Indigenous peoples, environmentalism and ‘wilderness.’ Part one – North America and Australia

‘Wilderness’ is a word that features very strongly in the vocabulary of environmentalists and conservationists around the world. In the United States the Wilderness Society, which currently has over 300,000 members, was founded in 1935 by Aldo Leopold and others to “bring to bear our scientific expertise, analysis and bold advocacy at the highest levels to save, protect and restore America’s wilderness areas.” The Wilderness Society (TWS) of Australia sees its mission similarly, as being one of “protecting, promoting and restoring wilderness and natural processes across Australia for the survival and ongoing evolution of life on Earth.”

So just what do we mean when we speak of ‘wilderness’?

My old Chambers Dictionary (1983) defines wilderness as “a region uncultivated and uninhabited: a pathless or desolate tract of land” and the Merriam-Webster online dictionary provides a very similar definition; although it drops the “desolate” bit, the key ideas of “uncultivated” and “uninhabited” remain. The conservation organisations mentioned above add to these definitions with language that could almost be described as devotional: ‘majestic solitude,’ ‘stunning landscape,’ ‘inspiration,’ ‘irreplaceable, iconic refuges,’ ‘silent vastness,’ and so on.

The Yosemite Valley, instituted as a National Park in 1864, is described by Simon Schama as “the first and most famous American Eden”, a wilderness venerated by many writers and artists but perhaps most famously by photographer Ansel Adams. As Schama relates, it turns out that this apparently pristine wilderness is partly a creation of its original Ahwahneechee inhabitants whose fire clearances of brush had fashioned the supposedly untouched “dazzling meadow-floor” of the valley. The Ahwahneechee are gone, of course, hounded out by the Mariposa Battalion protecting mining camps in the western Sierra Nevada in the early 1850s, and the myth of Eden prevailed for a long time afterwards for the visitors who came there. However, the cold reality of human habitation always dwelt in the Miwok placename Yo-che-ma-te: “some of them are killers.”

Jenny Pickerill has investigated how Indigenous and non-Indigenous Australians understand the concept of wilderness. The use of the word to describe vast tracts of the Australian continent immediately connects with the European colonial designation of the land as ‘terra nullius.’ One of Pickerill’s Indigenous interviewees, Gary Foley, says that by using the term wilderness “you’re maintaining the argument that we don’t exist – there never was a wilderness in Australia – it was an inhabited landscape” (p.97).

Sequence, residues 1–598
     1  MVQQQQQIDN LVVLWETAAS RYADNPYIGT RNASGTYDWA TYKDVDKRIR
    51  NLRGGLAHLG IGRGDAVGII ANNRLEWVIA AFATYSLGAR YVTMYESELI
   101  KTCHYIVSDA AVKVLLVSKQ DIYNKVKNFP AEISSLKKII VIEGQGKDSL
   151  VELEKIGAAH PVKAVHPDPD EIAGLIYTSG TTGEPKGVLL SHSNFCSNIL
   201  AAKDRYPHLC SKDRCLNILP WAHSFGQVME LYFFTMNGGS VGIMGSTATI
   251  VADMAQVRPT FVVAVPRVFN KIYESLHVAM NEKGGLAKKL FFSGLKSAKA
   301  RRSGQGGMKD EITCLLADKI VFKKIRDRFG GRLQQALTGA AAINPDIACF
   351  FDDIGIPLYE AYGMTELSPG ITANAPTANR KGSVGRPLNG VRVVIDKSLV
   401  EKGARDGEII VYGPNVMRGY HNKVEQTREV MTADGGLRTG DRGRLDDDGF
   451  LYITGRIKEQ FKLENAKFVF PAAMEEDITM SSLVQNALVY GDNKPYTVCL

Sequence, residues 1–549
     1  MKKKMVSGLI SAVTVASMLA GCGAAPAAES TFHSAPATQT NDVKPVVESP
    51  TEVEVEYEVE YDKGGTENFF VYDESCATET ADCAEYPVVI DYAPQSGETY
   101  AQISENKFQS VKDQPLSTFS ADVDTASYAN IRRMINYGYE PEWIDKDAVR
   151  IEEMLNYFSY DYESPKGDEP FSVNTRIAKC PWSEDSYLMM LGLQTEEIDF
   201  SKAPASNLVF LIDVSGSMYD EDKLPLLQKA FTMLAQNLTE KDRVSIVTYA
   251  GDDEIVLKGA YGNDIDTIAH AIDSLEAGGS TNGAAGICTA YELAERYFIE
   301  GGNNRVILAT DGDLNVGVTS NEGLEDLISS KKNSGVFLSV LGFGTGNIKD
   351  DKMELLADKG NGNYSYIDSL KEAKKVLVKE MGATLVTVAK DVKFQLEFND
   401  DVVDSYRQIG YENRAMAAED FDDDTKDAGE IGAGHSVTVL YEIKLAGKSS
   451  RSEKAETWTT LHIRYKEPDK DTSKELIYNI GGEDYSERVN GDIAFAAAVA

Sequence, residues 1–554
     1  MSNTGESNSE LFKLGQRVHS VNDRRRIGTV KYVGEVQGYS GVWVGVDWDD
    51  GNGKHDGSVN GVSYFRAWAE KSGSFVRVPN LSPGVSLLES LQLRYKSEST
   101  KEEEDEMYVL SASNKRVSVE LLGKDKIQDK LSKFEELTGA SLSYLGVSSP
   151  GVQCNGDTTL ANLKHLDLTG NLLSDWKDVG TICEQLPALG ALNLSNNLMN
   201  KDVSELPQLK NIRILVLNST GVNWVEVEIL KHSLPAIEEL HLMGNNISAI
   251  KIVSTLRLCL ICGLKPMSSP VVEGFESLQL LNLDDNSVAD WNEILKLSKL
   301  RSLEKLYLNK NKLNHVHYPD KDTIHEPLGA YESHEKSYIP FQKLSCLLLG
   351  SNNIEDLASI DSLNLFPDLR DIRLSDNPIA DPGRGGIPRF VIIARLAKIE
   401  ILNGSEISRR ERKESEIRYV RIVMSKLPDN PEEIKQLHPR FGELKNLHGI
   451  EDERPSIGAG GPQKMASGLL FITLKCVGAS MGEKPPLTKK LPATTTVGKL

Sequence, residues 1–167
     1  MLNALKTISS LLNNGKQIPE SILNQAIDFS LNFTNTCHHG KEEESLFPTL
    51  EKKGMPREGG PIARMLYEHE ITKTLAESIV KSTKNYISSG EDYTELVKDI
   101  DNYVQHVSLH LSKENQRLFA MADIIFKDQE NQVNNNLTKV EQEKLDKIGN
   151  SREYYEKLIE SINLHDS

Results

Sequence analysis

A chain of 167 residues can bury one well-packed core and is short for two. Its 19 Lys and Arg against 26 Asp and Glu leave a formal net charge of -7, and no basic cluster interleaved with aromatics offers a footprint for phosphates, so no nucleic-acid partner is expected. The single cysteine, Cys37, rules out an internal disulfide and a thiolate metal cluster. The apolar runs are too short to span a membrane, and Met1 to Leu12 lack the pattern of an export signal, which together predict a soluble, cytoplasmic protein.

And indeed it has been for tens of thousands of years. But, as Pickerill relates, the early years of non-Indigenous settlement “was explicitly about taming the wilderness and consequently rendering the land ‘civilised’, ordered and productive,” in other words, “a very British vision of what constituted nature and landscape” (p.98). Nowadays, as we have seen, the idea of wilderness features strongly in the appeals to western environmental values. However, the use of the word by environmentalists still carries an implicit rejection of Indigenous identity because it entirely ignores the cultural significance of an inhabited country, and the “intertwining of kinship, ancestry and responsibility … that is intimately linked into Indigenous identity” (Pickerill, p.99).

In Australia the concept of terra nullius was overturned in 1992 in the Mabo decision. There are positive signs that environmentalists’ attitudes are now changing accordingly. The TWS is trying to find a way to incorporate the Indigenous perspective into its work, though the society’s name does seem to be a rather large part of the problem. Meanwhile, as Pickerill also notes, the Australian Conservation Foundation (ACF) is seeking to develop a bicultural approach to environmental issues, beginning with an acknowledgement that

Indigenous people have never relinquished their sovereignty over Australia and therefore have the right of political independence;

as a result, the non-indigenous occupation of Australia amounts to an illegal dispossession of Indigenous people for which they should be compensated on fair and just terms;

[…]

Indigenous people have the right to self-determination.

In part two of this article I’ll take a look at how the idea of wilderness has been used in Aotearoa New Zealand.

Sources

Jenny Pickerill (2008 ) From wilderness to WildCountry: The power of language in environmental campaigns in Australia. Environmental Politics, 17(1), 95-104.

Simon Schama (1995) Landscape and memory. London: Harper Collins.

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